and spatial rotations introduce no new physics, and the only special-relativistic
consideration concerns the boost. Thus, without loss of generality, we can restrict
our attention to inertial frames S and S that are in standard configuration, for
which the Lorentz transformation is given by (1.3) or (1.5).

1.5 The interval and the lightcone
If we consider two events A and B having coordinates tA xA yA zA and
tB xB yB zB in S , then, from (1.5), the interval between the events is given by

Throughout this book, the notation v is used specifically to denote three-dimensional vectors, whereas v
denotes a general vector, which is most often a 4-vector.
If a = 0 then the Lorentz transformation connecting the two inertial frames is called homogeneous, while if

a = 0 it is called inhomogeneous. Inhomogeneous transformations are often referred to as Poincar© transfor-
mations, in which case homogeneous transformations are referred to simply as Lorentz transformations.
1.5 The interval and the lightcone
2 2 2 2
s 2 = c2 t ’ x ’ y ’ z
= c t cosh ’ ’ ’ c t sinh +
2 2
x sinh x cosh
’ y2 ’ z2
= c2 t2 ’ x2 ’ y2 ’ z2

Thus the interval is invariant under the boost (1.5) and, from the above discussion,
we may infer that s2 is in fact invariant under any Poincar© transformation. This
suggests that the interval is an underlying geometrical property of the spacetime
itself, i.e. an invariant ˜distance™ between events in spacetime. It also follows that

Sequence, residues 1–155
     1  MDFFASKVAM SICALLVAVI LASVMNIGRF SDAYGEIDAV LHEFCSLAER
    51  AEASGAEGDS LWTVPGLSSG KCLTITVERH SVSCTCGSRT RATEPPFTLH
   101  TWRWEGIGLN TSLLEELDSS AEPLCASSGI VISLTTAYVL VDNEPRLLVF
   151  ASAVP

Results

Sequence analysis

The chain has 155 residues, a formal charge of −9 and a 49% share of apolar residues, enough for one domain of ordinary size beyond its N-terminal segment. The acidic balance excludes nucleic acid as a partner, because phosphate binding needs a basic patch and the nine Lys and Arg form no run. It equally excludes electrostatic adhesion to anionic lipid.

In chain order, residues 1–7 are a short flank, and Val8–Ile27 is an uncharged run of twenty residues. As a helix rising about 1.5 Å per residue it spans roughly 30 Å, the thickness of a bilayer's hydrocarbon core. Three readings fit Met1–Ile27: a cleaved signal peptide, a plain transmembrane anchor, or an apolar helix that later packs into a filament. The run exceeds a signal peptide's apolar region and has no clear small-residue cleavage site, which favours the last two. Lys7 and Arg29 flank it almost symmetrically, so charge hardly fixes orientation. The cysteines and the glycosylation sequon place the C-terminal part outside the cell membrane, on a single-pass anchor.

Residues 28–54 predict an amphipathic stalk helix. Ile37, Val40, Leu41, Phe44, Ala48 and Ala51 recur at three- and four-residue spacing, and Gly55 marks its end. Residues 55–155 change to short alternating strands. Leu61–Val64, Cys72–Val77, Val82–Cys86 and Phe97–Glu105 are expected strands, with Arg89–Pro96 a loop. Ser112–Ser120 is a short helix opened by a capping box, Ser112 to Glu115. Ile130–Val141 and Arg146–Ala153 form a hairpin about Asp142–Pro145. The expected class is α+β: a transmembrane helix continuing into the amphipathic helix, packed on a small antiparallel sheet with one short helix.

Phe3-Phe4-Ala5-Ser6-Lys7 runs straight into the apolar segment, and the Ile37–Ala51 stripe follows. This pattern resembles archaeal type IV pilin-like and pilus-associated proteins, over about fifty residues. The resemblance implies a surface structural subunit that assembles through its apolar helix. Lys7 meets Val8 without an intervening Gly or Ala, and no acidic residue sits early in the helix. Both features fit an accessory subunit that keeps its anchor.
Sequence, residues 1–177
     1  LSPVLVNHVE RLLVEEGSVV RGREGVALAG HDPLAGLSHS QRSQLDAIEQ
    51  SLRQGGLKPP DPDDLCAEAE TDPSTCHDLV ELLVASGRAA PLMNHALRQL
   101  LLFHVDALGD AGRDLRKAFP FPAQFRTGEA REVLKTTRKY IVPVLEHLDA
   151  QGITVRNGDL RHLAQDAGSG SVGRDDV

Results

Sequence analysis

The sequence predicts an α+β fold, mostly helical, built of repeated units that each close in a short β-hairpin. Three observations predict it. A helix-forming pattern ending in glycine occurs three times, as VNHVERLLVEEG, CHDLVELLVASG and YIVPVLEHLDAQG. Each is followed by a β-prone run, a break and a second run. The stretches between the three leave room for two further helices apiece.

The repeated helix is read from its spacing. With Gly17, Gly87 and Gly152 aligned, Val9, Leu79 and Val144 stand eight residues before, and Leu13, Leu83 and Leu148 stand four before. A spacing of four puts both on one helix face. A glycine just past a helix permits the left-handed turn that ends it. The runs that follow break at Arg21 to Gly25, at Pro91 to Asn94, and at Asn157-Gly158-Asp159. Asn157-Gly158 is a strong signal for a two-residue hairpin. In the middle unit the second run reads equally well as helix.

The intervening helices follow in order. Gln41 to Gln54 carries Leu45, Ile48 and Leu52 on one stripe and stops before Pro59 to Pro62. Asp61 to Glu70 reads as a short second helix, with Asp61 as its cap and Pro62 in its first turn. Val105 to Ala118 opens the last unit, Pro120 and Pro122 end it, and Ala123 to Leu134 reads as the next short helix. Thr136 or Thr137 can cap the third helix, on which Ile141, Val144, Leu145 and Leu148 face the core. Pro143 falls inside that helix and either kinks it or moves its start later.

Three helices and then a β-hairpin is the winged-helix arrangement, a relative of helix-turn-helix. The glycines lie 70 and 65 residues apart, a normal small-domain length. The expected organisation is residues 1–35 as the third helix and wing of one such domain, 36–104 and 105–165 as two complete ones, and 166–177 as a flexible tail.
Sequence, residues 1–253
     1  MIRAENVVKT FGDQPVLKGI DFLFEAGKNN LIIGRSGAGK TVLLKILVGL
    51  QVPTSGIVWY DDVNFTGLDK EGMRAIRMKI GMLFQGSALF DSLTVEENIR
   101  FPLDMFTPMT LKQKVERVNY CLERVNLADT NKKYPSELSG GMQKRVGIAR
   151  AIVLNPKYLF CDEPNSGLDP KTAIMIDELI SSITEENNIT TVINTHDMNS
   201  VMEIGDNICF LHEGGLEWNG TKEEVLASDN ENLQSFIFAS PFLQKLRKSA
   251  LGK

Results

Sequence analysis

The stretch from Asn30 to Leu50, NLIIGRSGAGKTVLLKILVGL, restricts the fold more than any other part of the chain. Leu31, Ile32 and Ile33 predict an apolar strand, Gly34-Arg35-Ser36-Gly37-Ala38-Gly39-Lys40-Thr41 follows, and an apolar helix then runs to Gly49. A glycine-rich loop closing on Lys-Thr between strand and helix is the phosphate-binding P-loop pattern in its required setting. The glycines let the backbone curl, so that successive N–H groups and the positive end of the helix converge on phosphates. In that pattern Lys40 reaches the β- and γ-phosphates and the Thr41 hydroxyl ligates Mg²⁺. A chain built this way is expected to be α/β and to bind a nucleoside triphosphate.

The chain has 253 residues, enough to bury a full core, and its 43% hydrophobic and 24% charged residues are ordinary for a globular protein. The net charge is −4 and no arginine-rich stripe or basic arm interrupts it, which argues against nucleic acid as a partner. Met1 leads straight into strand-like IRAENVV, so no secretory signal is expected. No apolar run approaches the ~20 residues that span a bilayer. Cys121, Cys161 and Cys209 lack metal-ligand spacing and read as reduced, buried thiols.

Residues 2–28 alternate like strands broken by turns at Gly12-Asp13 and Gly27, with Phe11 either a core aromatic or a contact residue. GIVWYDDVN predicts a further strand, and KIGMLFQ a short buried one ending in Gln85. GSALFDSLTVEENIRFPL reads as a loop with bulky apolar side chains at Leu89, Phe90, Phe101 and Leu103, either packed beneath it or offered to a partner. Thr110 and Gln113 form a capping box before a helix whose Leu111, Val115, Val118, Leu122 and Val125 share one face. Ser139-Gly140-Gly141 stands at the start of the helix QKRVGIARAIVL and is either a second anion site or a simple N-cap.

the sign of s2 is defined invariantly, as follows:

s2 > 0 the interval is timelike
s2 = 0 the interval is null or lightlike
s2 < 0 the interval is spacelike

This embodies the standard lightcone structure shown in Figure 1.3. Events A and
B are separated by a timelike interval, A and C by a lightlike (or null) interval and

Future of A




˜Elsewhere™ of A ˜Elsewhere™ of A

Past of A

Figure 1.3 Spacetime diagram illustrating the lightcone of an event A (the y-
and z- axes have been suppressed). Events A and B are separated by a timelike
interval, A and C by a lightlike (or null) interval and A and D by a spacelike
8 The spacetime of special relativity

A and D by a spacelike interval. The geometrical distinction between timelike and
spacelike intervals corresponds to a physical distinction: if the interval is timelike
then we can find an inertial frame in which the events occur at the same spatial